I’m writing today with a heavy heart.
I happened to look at my cell phone yesterday afternoon and noticed a tweet saying that a Snowbird had crashed in Kamloops B.C.. I clicked on the link which showed the amateur video of the incident that by now, I’m sure thousands of people have seen.
As the afternoon progressed, and the story spread through the news and social media, rumours that there had been a casualty emerged. I was glued to social media channels through dinnertime (I live in the EDT time zone). Sadly, those rumours proved to be the truth.
Unfortunately, as I read more and more, I started to see a lot of peoples’ negative comments; some about how old the CT-114 Tutor jets are, others about how the Snowbirds Aerobatic Flight Demo team are nothing but a group of adrenaline junkies and a waste of money. I don’t condone these types of comments, and I’m not here to spread negativity. But I do know that the team are funded through training money that the military has already allotted.
It takes a lot of skill and months of training to learn to fly in tight formations and perform the Snowbirds’ routine. I’ve witnessed firsthand how these men and women wow and excite us, and inspire younger generations to join the military, many aspiring to be a Snowbird pilot themselves in the future. The team had been doing Canada-wide flyovers to lift our spirits during lock down and pay homage to those front line workers who risk their lives every day.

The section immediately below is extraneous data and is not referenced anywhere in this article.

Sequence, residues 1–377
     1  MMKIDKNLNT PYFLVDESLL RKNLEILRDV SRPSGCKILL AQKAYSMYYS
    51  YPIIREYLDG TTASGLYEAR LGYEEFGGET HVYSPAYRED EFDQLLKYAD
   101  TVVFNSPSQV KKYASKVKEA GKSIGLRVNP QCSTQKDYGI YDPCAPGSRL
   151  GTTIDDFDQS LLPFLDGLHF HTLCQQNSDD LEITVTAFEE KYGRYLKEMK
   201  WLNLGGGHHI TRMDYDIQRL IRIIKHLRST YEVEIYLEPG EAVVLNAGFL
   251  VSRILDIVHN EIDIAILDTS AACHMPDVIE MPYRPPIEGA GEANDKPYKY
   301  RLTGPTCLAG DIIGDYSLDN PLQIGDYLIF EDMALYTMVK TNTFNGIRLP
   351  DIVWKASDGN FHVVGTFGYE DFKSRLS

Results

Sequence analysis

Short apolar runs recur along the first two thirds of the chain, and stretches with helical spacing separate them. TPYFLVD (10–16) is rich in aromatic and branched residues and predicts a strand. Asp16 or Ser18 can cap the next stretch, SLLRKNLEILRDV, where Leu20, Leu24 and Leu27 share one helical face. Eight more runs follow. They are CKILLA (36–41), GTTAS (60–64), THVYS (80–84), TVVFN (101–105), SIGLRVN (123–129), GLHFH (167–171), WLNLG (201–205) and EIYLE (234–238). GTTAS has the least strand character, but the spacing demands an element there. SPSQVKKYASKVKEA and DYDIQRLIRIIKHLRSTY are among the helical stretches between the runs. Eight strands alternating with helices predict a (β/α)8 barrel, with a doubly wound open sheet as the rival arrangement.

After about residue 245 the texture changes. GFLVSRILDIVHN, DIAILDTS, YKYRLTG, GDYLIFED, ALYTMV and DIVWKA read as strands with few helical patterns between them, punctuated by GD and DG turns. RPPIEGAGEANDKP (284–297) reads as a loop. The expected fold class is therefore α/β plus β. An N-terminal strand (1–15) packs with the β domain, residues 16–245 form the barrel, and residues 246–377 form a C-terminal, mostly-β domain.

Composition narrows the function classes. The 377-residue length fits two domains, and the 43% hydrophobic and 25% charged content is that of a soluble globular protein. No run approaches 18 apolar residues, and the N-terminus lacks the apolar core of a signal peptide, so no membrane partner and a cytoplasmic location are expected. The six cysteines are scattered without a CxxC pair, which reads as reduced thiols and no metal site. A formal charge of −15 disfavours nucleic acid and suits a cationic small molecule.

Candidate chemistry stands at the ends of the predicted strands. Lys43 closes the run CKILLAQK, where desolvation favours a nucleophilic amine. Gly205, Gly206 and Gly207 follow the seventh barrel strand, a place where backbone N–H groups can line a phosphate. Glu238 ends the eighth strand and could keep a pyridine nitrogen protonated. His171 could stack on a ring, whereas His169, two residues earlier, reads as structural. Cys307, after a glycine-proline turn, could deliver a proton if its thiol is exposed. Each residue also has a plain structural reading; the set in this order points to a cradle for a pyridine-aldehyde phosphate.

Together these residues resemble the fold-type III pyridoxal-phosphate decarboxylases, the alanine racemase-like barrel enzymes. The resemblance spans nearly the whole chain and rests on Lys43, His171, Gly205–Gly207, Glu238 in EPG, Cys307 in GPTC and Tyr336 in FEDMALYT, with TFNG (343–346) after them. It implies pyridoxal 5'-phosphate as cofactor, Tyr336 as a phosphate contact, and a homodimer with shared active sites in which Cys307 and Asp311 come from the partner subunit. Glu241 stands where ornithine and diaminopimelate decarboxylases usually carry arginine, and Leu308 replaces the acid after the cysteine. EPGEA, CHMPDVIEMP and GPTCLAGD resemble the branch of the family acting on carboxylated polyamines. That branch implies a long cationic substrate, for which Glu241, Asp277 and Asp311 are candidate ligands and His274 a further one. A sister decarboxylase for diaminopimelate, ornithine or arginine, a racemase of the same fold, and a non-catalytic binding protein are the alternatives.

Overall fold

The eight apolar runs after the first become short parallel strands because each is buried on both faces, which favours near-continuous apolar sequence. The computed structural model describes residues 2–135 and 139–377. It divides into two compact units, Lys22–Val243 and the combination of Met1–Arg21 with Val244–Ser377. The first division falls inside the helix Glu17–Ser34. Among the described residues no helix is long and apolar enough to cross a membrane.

Yesterday was a tragic day. I’ve seen more video footage of the incident, and it definitely appears to be some sort of engine failure that caused the accident. Unfortunately, Public Affairs Officer, Captain Jennifer Casey was killed in the crash. Today, I grieve alongside many other Canadians. My heartfelt sympathies go out to the entire CF Snowbird team and their families after this devastating loss.
Here is a short video I took of the Snowbirds a few years ago: Snowbird formation
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